Professor Lubaina Himid MBEProfessor of Contemporary Arts
Several decades into her illustrious career, the absorbing artworks of Professor Lubaina Himid were suddenly thrust into the media spotlight in May following the announcement that the 62-year-old had gatecrashed the shortlist for the 2017 Turner Prize.
Professor Lubaina Himid MBE from the University of Central Lancashire (UCLan) has been crowned the winner of the 2017 Turner Prize.
The contemporary art professor was chosen over Hurvin Anderson, Andrea Buttner and Rosalind Nashashibi for the sought after award, which is considered to be one of the most prestigious international visual arts awards. Lubaina’s work has been on display at the the Ferens Art Gallery, in Hull, since September as part of the UK City of Culture celebrations and her achievement was announced live on the BBC on Tuesday, 5 December.
The Preston-based artist said: “It’s great to win, especially as so many people in Preston were rooting for me. It will make a huge difference to my profile and give a platform to the issues I want to champion.”
The prestigious yet ever-controversial contest has variously wowed, amused and incensed the press and the public at large, providing a pedestal for the enfants terribles of the art world and elevating them to household names. Previous prize winners include Anthony Gormley, Steve McQueen, Grayson Perry and Damien Hirst (whose Mother and Child Divided – two bisected cows pickled in formaldehyde – became an iconic image of the 1990s).
The award cements an exciting year for Lubaina, who is also a PhD supervisor at UCLan. In November, she was named Artist of the Year by Apollo Magazine and her two successful solo exhibitions at Modern Art Oxford and Spike Island in Bristol led to her Turner Prize nomination. Known as one of the pioneers of the British black arts movement back in the 1980s, Lubaina has spent her 35-year career shining a light on the trade in enslaved people and the contribution made by the people of the Black Diaspora.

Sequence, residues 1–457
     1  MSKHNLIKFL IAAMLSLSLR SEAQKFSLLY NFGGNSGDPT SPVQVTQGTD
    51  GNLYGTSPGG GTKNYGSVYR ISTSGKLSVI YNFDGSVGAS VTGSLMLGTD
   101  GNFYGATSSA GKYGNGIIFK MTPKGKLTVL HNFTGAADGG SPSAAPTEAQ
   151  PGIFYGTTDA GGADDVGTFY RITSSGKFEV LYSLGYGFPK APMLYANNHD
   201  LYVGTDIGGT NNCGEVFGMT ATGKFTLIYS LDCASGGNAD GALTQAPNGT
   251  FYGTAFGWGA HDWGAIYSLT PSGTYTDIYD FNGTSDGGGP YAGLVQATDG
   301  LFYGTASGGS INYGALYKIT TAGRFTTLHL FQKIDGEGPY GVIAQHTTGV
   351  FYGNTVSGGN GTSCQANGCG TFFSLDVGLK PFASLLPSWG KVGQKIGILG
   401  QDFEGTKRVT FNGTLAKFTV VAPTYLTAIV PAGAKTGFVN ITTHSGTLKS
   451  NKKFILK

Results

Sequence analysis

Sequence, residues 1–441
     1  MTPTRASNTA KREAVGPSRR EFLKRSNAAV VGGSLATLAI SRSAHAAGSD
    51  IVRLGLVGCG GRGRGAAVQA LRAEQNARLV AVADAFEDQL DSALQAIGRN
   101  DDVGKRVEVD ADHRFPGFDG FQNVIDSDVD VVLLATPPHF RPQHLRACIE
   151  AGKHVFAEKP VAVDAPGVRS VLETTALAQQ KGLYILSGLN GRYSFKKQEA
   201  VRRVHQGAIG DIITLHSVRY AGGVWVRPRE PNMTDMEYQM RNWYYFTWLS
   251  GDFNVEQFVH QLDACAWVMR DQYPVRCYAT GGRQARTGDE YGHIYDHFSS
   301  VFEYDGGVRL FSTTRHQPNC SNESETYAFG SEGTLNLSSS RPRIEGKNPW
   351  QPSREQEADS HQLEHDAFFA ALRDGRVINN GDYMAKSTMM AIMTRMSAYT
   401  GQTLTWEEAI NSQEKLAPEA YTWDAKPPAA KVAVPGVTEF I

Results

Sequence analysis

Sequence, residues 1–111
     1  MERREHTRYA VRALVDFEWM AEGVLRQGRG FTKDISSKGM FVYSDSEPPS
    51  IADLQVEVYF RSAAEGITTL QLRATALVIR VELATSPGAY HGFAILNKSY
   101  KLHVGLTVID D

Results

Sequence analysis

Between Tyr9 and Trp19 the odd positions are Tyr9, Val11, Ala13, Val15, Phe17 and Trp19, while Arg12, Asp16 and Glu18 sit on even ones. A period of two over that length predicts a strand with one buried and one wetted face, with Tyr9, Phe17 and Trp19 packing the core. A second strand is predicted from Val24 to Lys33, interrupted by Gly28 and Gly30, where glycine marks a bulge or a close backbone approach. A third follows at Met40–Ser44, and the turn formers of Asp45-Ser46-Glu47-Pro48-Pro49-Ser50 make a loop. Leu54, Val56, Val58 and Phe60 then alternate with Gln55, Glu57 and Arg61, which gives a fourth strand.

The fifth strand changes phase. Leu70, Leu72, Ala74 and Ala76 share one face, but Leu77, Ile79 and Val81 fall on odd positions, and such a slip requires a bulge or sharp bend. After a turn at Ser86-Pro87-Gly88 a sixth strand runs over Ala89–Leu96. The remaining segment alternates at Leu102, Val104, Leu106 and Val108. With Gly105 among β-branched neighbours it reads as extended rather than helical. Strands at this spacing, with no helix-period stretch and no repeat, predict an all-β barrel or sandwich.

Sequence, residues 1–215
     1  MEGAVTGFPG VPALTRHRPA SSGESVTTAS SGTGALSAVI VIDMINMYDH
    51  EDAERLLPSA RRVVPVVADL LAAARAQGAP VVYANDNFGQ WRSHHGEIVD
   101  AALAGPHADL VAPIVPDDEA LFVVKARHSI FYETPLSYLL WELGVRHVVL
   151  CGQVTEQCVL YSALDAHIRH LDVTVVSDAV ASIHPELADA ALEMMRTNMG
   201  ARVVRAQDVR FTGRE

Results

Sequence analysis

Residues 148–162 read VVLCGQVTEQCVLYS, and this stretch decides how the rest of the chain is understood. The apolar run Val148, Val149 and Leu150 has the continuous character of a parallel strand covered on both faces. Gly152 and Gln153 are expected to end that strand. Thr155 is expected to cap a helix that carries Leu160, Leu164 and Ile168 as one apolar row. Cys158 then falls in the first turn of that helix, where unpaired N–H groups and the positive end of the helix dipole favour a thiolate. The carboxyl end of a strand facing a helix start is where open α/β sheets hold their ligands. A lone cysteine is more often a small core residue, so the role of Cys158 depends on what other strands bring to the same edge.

The Head of the School of Art, Design and Fashion Maria Murray congratulated Lubaina. She said: “We are incredibly proud of Lubaina’s achievement on what is arguably one of the art world’s biggest stages. Simply being nominated for this globally recognised award is a tremendous feat but to win it is amazing. Lubaina has worked hard throughout her career to share stories relating to African diaspora and the slave industry that otherwise may never be told. She is a great inspiration to our students who have followed her Turner Prize journey with excitement and benefit immensely from her creativity and experience.”
UCLan Vice-Chancellor Professor Mike Thomas echoed Maria’s sentiments: “Lubaina has really put the University on the art world map. We’ve always known that Preston and UCLan has a strong artistic community but this recognition has brought it to a national stage. It is a magnificent achievement.”
The Telegraph recently hailed Lubaina as “the under-appreciated hero of black British art.” One of the pioneers of the British black arts movement of the 1980s, her works include numerous paintings, drawings and installations that explore the African diaspora and the slave industry. She has been acclaimed for giving a voice to the voiceless; oppressed peoples whose histories have often been neglected and rendered invisible.
Judges praised Lubaina’s Turner Prize nominated work “for addressing pertinent questions of personal and political identity”.
Lubaina, who was born in Zanzibar and grew up in London, was made an MBE in 2010. She made the headlines when the Turner Prize shortlist was announced earlier this year because at the age of 62 she is the oldest person ever to be nominated after the award abolished its ban this year on people over 50 being eligible.
One of the best known prizes for the visual arts in the world, the Turner Prize aims to promote public debate around new developments in contemporary British art. Established in 1984, it is awarded to a British artist for an outstanding exhibition or other presentation of their work in the twelve months preceding 24 April 2017. The prize has previously been won by Damien Hirst, Antony Gormley and Grayson Perry.
Lubaina has been called “the under-appreciated hero of black British art.”